Blueberry cake

This blueberry cake recipe from The Joy of Vegan Baking by celebrated vegan cookbook author, Colleen Patrick-Goudreau, tastes as good as it looks. Colleen will be the first to admit that just because it’s vegan doesn’t mean it’s health food. If your friends and family think vegan equals tasteless, make this and have them over for brunch. They’ll leave as true believers.

Colleen just launched her new web site, The 30-Day Vegan Challenge. If you’ve ever wanted to try vegan, it’s a great resource.

Strawberry scones forever

Strawberry seasons brings me to memories of my youth picking strawberries with my mom and grandmother. For every few that made it into the bucket, I’d eat one fresh in the field, unwashed and still warm from the sun. I bought a basket of beautiful ripe organic strawberries at the farmers’ market yesterday and used a handful to make scones this morning. They turned out perfectly sweet and not bad to look at either. I used Isa Chandra Moskowitz’s recipe in Vegan Brunch. This one from the Post Punk Kitchen would work great too sans lavender. And I did wash my strawberries. I’d advise you to as well.


Cakes and babycakes

I got off easily today. Our wonderful friends invited us over for dinner and they’re doing all the cooking. All I have to bring is a cake and some wine. I made a simple vegan chocolate cake with chocolate buttercream frosting and chocolate ganache.

Our friends have a one-year old who just celebrated his first birthday. I made him his very own babycake. I hope he likes it as much as I liked making it.

I’m excited about dinner and I can’t wait for dessert.

Baking for a cause

I spent a lot of time baking this weekend. There was a vegan bake sale Saturday to benefit Harvest Home, a sanctuary in Stockton, California that provides refuge to homeless and abused domestic and farmed animals. I baked some lemon scones, which ended up so freakishly large that I decided to eat them myself and start over. Next I made some blueberry-lemon muffins, which I’m told sold out—and for a great cause.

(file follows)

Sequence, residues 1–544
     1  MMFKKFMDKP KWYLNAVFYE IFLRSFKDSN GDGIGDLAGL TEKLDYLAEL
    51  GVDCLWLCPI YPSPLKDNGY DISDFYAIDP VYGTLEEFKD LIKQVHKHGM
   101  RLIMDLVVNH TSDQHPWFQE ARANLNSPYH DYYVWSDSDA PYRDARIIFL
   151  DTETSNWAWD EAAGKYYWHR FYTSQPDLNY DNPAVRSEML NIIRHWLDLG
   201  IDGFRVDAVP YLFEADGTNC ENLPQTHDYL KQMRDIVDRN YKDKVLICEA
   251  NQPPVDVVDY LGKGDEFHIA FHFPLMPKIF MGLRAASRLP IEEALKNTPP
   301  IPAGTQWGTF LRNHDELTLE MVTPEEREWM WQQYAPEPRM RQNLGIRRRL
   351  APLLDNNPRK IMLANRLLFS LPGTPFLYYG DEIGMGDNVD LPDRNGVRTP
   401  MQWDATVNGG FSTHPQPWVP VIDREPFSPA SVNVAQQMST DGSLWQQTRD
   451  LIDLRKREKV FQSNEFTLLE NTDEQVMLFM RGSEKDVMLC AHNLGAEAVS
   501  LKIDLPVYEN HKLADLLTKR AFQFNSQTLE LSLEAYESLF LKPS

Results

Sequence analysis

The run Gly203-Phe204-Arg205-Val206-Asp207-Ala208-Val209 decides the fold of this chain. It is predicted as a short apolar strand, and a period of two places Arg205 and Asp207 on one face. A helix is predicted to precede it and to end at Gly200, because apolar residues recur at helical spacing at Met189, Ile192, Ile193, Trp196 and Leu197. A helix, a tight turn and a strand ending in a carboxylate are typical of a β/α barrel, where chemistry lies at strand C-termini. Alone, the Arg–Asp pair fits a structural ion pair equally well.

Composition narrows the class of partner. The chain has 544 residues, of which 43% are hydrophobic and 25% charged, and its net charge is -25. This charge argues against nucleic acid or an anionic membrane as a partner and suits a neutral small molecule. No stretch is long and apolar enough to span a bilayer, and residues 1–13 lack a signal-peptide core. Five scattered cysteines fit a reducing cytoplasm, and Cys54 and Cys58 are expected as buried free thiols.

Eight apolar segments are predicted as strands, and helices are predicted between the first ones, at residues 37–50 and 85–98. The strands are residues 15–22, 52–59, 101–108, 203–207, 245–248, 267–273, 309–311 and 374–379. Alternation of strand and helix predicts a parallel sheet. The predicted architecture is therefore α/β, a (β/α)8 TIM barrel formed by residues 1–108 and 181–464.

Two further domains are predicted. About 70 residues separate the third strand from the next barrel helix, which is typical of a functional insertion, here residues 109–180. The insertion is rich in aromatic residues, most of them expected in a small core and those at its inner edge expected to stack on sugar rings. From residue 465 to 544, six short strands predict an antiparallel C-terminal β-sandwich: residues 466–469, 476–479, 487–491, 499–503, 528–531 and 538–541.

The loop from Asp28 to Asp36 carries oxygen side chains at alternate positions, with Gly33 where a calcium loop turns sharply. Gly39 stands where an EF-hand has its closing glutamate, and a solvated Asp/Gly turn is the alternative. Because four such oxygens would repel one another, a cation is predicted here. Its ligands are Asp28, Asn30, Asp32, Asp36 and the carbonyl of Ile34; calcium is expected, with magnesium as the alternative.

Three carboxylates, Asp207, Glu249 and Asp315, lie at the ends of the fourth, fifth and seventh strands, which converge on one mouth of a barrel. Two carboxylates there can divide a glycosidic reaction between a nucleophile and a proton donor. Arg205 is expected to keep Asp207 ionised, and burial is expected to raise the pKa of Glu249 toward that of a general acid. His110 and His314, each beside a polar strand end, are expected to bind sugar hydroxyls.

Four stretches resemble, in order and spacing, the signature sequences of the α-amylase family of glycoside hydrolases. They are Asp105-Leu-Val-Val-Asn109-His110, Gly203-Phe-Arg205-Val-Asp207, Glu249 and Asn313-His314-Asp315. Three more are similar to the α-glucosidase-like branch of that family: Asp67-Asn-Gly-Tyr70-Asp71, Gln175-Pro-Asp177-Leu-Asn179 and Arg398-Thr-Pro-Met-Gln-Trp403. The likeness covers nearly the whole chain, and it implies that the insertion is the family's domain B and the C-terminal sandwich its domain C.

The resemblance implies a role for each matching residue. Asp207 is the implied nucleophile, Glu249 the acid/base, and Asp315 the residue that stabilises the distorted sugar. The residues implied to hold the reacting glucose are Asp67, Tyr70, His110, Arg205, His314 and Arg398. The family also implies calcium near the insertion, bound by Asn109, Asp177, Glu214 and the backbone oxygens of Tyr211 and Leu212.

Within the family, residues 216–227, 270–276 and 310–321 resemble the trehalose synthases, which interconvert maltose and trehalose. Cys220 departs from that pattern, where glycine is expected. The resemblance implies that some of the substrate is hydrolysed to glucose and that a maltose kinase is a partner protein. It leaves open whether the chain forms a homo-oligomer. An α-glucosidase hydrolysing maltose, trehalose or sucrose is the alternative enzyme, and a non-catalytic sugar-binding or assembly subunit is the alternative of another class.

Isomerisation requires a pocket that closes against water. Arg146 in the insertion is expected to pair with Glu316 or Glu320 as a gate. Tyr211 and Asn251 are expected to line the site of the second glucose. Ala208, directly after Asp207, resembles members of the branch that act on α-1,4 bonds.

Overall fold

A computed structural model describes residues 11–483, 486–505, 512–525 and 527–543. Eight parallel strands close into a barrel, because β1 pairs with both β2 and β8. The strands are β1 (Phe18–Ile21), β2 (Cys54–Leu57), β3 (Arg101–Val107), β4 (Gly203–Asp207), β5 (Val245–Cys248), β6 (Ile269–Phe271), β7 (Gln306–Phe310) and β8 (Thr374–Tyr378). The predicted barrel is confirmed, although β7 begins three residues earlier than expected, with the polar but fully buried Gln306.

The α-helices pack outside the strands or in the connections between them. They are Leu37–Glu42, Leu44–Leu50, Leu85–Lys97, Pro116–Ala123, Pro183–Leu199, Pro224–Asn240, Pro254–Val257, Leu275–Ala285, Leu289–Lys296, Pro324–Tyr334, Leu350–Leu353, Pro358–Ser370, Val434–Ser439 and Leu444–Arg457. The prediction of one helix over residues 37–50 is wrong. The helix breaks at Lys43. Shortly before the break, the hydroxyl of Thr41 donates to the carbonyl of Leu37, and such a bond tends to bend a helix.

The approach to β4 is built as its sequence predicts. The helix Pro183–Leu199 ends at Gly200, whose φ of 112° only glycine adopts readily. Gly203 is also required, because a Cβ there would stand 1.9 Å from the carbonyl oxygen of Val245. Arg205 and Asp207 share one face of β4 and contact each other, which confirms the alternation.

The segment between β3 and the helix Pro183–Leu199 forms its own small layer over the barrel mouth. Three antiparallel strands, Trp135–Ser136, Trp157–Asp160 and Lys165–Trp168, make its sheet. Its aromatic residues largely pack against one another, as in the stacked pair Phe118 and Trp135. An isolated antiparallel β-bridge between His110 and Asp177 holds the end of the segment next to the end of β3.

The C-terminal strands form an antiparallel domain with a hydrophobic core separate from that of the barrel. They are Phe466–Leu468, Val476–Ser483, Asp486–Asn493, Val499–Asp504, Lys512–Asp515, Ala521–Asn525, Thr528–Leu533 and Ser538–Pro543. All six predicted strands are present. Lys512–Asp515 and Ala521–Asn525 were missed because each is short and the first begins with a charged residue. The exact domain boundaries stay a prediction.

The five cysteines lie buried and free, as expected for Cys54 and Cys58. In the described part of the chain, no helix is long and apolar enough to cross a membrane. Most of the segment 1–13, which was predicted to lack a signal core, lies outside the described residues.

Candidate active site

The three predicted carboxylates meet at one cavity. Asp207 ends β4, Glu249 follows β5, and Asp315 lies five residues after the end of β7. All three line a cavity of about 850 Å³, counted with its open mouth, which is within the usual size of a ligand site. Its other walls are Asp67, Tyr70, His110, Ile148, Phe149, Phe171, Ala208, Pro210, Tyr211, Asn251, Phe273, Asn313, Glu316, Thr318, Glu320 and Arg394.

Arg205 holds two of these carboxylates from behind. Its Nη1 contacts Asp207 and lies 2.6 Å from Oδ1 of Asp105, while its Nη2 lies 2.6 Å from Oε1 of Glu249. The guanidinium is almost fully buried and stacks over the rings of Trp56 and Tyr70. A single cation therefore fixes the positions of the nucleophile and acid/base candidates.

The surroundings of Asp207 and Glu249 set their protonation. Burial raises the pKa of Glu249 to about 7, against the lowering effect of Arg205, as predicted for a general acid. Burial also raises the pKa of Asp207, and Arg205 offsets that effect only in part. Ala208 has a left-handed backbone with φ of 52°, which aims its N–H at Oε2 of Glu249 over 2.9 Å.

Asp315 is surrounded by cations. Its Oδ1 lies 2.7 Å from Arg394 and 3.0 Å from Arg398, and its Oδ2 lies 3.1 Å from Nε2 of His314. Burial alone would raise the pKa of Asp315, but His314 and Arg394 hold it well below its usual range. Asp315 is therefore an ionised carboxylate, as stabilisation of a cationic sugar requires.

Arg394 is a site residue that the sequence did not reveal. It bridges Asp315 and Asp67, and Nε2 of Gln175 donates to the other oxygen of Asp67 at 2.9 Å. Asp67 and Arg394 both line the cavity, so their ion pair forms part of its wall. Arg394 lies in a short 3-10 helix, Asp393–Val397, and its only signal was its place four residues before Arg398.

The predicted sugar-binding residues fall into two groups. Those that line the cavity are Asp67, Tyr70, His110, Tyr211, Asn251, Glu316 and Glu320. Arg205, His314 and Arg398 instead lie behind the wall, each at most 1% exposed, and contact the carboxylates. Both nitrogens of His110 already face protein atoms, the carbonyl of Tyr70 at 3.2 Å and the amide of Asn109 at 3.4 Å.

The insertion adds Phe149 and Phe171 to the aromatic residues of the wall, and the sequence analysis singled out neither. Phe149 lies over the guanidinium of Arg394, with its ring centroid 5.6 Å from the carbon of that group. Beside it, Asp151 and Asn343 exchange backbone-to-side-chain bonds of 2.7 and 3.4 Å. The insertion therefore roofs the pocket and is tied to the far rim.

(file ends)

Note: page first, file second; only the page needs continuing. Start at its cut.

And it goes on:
Harvest Home rescues animals and when possible carefully adopts them into permanent loving homes. Some require special lifelong expert care which Harvest Home provides to more than 175 animals representing ten species. Their focus is on poultry and rabbits.

A few years ago I helped transport some “spent” battery hens to Harvest Home. Spent hens are those who are no longer producing enough eggs to be considered useful to keep. After being confined in cages for 12-18 months, laying about 260 eggs a year, hens become weak and their bodies become debilitated. Hens at the turn of the century laid about 100 eggs per year. Modern egg laying hens are genetically bred to lay more eggs than ever before, but this takes a real toll on their bodies. Their bones become weak due to the depletion of calcium and the lack of exercise.

Many suffer from a disorder called cage layer fatigue where their bones become so brittle the birds collapse, some dying inches from their food because they’re unable to move to reach it. Typically at about two years old, a fraction of their natural lifespan, hens are killed on-site at the egg factory farms or transported to slaughter.

Lois the henFortunately for some lucky hens, Harvest Home helps them live out their days in a peaceful environment looked after by people who care deeply about them. To see these animals–who have been caged their whole lives–take their first steps on solid ground, is at once remarkably uplifting and utterly sad.

This vegan bake sale had a double impact: to demonstrate to the public that we don’t need to use eggs to make delicious treats, and to help provide direct care to dozens of laying hens, rabbits, goats, dogs, ducks, pigs, turkeys and other residents. Some wonderful volunteers are running a race to raise money for Harvest Home. You can donate online here to support their good work.